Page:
Implicit learning in dynamic decision making: A glass-box approach

Abstract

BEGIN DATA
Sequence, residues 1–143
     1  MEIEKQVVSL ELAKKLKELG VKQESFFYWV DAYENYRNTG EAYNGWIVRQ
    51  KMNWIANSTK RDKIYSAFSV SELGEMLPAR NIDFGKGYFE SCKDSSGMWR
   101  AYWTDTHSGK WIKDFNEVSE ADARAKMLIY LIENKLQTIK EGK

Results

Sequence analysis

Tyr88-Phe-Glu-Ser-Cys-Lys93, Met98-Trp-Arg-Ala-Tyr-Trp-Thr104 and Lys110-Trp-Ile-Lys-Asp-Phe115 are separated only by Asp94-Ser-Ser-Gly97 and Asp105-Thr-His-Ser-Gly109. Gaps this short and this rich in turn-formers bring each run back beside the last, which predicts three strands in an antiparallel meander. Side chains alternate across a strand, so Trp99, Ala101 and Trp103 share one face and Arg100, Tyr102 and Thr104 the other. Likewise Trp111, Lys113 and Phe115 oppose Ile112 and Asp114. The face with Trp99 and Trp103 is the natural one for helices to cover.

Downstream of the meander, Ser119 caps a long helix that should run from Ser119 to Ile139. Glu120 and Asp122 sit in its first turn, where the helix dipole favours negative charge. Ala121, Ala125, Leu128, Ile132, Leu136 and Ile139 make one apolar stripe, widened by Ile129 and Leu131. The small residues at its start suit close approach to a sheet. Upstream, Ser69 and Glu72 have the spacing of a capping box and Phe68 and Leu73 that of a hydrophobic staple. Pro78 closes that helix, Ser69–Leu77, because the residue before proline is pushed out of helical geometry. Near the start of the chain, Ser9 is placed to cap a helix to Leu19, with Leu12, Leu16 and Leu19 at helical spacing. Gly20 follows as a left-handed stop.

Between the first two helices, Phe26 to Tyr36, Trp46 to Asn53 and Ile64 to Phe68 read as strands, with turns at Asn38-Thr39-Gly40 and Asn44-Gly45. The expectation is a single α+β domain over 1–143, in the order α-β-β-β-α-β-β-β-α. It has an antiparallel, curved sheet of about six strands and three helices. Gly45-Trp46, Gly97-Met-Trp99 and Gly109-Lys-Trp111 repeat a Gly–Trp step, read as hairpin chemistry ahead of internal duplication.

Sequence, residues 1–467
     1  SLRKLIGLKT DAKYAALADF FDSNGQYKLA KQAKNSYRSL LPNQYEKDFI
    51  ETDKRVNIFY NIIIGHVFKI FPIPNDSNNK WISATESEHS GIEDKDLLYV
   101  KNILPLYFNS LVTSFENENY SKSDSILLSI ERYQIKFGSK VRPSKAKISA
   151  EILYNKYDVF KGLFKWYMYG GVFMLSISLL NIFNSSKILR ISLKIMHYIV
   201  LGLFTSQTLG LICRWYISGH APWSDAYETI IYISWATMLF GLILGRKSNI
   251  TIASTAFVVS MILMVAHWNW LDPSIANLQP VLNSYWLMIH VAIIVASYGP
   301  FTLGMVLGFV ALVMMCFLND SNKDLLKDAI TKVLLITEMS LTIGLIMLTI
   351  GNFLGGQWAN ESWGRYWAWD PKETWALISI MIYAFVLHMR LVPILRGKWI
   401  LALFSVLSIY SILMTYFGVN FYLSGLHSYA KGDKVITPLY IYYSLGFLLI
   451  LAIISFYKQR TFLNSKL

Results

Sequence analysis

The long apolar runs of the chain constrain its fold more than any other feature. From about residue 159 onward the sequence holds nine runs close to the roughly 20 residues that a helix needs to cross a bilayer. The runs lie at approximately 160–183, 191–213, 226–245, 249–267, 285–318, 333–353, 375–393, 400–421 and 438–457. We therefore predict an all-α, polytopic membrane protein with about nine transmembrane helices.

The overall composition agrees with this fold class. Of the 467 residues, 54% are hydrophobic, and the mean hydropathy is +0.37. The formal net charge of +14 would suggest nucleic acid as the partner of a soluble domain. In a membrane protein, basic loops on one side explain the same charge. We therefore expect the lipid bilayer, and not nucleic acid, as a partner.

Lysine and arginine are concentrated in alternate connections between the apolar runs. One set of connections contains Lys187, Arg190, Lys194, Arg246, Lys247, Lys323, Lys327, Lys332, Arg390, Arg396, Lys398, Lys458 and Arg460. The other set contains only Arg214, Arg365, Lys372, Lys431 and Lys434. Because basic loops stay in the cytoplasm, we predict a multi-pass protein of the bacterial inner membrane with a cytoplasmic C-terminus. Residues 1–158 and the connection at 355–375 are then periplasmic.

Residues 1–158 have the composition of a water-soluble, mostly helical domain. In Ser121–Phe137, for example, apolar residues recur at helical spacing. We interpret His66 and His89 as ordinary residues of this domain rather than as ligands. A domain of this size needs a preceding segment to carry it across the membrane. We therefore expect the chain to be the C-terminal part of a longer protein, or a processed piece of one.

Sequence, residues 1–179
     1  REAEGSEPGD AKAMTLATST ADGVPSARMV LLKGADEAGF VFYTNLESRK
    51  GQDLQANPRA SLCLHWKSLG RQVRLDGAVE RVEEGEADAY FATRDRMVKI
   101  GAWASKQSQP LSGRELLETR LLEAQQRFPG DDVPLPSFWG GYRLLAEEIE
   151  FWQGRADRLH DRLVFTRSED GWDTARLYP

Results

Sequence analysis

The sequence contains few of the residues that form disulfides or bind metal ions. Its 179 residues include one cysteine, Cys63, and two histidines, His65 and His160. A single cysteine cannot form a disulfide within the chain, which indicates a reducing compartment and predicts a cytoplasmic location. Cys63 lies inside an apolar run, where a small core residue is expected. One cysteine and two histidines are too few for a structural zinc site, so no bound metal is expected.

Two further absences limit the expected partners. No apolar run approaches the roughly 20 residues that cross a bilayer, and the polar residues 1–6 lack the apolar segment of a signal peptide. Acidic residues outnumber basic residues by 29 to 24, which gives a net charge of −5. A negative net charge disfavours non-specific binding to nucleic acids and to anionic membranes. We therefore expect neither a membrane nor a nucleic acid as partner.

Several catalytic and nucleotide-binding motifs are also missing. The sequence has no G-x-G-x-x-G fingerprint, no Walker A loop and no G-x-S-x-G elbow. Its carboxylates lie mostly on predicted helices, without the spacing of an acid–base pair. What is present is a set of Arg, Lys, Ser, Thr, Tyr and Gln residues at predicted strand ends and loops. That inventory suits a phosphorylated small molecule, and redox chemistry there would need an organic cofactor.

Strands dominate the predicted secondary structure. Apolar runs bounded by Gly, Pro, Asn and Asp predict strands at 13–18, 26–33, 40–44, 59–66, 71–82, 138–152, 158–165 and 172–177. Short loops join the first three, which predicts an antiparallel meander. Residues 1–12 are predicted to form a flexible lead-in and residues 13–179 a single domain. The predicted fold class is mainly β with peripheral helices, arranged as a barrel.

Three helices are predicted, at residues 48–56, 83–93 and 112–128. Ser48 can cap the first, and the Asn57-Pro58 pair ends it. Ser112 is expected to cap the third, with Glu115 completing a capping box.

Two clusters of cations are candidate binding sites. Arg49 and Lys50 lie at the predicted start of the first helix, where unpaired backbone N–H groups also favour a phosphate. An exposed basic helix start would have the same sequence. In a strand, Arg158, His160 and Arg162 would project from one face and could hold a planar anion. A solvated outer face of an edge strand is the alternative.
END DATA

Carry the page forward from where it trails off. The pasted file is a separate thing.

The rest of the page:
Although simulations can be useful tools to train dynamic decision making (DDM) skills, studies show that mere practice with simulated environments leads to limited improvements in performance. Simulated environments often show little or no transparency about the underlying structure. Making information about the system and the consequences of decisions available to users has been found to enhance learning. We tested a glass-box approach using highly interactive feedback tools to support implicit learning in a 3-hour DDM training session. Ninety participants were assigned to either the control (no training) or implicit learning condition. While performance on the training scenario improved over time, learning took place mostly in the beginning of the training session, and final performance remained far from optimal. Performance in the training scenario was positively correlated to performance in a test scenario. However, implicit learning did not improve performance on the test scenario compared to the control group.


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